PM10 vs. PM2.5 in Arizona aerosols
At the Arizona sampling site, we were able to compare saccharide concentrations in PM2.5 and PM10 samples collected simultaneously, with a goal of using the enrichment of individual saccharide compounds in fine and coarse particulate matter to elucidate local contributing sources.  While saccharide compounds were generally measured at higher concentrations in PM10 samples compared to parallel PM2.5 samples (Figure 2), two distinct patterns in this relationship were observed. Levoglucosan and glycerol had almost equivalent PM10 and PM2.5 concentrations while the remainder of the measured saccharide compounds (glucose, sucrose, trehalose, mannitol, arabitol, sorbitol, erythritol, ribitol and xylitol) had elevated PM10 relative to PM2.5 concentrations. These two different size fractionation patterns indicate that levoglucosan and glycerol predominately are associated with the fine fraction of PM while other saccharide compounds exist in both PM10 and PM2.5. This is consistent with levoglucosan being a tracer for wood smoke, with primary particle emissions in the submicron accumulation aerosol mode.  The other observed size fractionation shows glucose, sucrose, trehalose, mannitol and arabitol are mainly contributed from PBAPs, which have been reported to contribute mainly to coarse mode aerosols.
 
 
 
 
Table 1. Total measured saccharide concentrations, PM mass and organic carbon in PM2.5 samples at one suburban site (Higley) in Arizona, and two rural sites (San Augustine and Clarksville) and one urban site (Dallas) in Texas (n= total number of samples analyzed).
 
Higley, AZ
 (Jan - Apr 2008)
(n=45)
San Augustine, TX
(Nov 2005 - Jul 2006)
(n=76)
Clarksville, TX
(Jan - Jul 2006)
(n=40)
Dallas, TX
 (Jan - Jul 2006)
(n=57)
Total Measured Saccharide Concentration (ng/m3)
1.1 - 83.0
 (24.1)
15.4 - 355.1
 (70.4)
7.5 - 372.2
 (128.4)
15.8 - 196.0 (52.4)
PM2.5 Mass (ug/m3)
1.1 - 12.4 (5.9)
2.5 - 23.2 (9.9)
2.2 - 22.3 (10.2)
3.5 - 34.0 (11.2)
OC (ug/m3)
0.7 - 2.9 (1.6)
1.2 - 9.1 (2.6)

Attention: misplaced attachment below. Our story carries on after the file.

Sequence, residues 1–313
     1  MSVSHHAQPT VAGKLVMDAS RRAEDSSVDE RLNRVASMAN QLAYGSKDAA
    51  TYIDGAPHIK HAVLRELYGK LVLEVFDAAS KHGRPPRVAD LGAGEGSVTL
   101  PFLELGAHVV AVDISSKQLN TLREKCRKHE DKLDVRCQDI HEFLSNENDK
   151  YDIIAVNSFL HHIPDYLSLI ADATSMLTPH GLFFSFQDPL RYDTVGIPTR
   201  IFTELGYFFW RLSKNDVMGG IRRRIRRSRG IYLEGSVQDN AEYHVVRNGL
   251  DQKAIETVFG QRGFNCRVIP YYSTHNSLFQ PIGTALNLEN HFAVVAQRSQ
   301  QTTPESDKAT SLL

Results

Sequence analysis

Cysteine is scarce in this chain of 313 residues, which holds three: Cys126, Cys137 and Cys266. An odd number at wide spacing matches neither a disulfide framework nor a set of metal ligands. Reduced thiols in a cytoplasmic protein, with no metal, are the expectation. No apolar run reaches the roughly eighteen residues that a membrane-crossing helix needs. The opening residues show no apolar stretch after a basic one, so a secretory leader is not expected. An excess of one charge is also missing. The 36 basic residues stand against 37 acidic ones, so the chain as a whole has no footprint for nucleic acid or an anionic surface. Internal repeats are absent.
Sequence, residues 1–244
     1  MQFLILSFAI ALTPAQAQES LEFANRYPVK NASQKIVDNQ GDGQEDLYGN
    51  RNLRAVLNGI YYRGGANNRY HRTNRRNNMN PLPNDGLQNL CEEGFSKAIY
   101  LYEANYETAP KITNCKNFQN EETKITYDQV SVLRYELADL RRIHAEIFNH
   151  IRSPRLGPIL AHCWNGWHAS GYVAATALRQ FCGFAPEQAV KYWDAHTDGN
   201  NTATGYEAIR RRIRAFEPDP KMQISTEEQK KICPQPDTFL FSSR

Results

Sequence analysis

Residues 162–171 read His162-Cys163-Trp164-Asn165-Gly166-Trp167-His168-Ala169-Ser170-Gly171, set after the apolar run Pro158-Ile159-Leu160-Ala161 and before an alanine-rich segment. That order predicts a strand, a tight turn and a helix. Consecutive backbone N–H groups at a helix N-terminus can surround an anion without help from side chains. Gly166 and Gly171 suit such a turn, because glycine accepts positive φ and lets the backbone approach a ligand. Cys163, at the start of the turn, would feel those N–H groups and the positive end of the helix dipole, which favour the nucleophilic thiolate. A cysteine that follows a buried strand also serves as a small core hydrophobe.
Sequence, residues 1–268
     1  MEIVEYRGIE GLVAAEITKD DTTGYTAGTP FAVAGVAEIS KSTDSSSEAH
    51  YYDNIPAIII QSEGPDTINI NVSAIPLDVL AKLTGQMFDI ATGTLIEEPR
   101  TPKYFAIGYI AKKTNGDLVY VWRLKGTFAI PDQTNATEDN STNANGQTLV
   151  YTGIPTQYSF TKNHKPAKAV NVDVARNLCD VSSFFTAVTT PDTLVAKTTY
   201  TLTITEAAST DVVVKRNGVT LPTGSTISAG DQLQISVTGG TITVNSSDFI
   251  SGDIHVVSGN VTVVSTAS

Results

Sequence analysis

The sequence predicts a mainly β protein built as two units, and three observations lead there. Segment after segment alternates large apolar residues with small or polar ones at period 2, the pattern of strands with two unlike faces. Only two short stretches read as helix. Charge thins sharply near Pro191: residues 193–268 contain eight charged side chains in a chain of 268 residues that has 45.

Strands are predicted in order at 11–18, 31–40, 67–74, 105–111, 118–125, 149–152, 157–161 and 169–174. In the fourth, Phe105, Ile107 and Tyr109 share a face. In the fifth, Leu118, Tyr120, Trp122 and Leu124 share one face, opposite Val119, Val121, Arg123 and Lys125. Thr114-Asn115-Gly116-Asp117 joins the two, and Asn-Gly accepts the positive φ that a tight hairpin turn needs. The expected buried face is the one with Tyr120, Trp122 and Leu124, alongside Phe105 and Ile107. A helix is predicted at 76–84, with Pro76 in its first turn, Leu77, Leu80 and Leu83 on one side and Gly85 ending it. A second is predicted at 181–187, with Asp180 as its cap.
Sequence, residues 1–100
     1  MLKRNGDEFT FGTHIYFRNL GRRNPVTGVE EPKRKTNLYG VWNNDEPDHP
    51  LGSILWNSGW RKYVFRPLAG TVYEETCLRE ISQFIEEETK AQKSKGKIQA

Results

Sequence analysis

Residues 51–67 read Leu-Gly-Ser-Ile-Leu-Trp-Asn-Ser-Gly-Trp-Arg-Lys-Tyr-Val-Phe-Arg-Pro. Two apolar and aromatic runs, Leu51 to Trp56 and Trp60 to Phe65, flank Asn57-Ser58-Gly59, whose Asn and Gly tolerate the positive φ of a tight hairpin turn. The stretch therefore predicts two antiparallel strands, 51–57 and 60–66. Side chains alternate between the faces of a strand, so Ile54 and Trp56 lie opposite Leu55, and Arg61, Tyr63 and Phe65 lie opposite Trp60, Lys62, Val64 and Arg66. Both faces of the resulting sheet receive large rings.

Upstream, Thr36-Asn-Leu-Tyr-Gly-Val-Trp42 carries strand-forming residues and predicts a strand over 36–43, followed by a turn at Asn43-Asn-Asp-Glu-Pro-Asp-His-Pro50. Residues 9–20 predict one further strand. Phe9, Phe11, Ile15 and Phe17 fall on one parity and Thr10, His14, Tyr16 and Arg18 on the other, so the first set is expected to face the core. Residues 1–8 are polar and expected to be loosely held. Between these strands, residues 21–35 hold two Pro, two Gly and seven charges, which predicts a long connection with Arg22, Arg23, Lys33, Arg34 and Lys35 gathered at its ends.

1.3 - 9.6 (3.2)
1.8 - 6.5 (3.2)
Total Saccharides/PM2.5 (%)
0.02 - 2.0 (0.5)
0.2 - 1.7 (0.8)
0.1 - 6.0 (1.6)
0.1 - 1.6 (0.6)
Total Saccharides/OC (%)
0.1 - 5.2 (1.5)
0.5 - 10.2 (3.3)
0.2 - 13.4 (5.2)
0.7 - 4.1 (2.0)
 
 

 
Figure 1. Seasonal variation of major saccharide compounds at one suburban site (Higley) in Arizona, and two rural sites (San Augustine and Clarksville) and one urban site (Dallas) in Texas (For each month, n~10 for San Augustine, Clarksville and Dallas, and n~15 for Higley, n=number of 24-hr sample analyzed.)
 
 
Figure 2. Average concentration of saccharide compounds measured in PM2.5 and PM10 from samples collected in Arizona (Total number of samples analyzed n=45 for PM2.5 and n=46 for PM10).
 

Future Activities:

We are continuing to analyze the data from the Higley field experiment with the goal of finishing the data interpretation and publication of results by November 2009 to conclude the project.

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Journal Articles:

No journal articles submitted with this report: View all 21 publications for this project

Supplemental Keywords:

agricultural emissions, source apportionment, molecular markers, soil carbohydrates, fine particulate matter, coarse particulate matter
 
, RFA, Scientific Discipline, Air, particulate matter, Environmental Chemistry, Environmental Monitoring, atmospheric particulate matter, chemical characteristics, airborne particulate matter, agricultural soils, molecular markers, PM, fine particulate formation

Progress and Final Reports:

Original Abstract
  • 2005 Progress Report
  • 2006 Progress Report
  • 2007 Progress Report
  • 2009
  • Final Report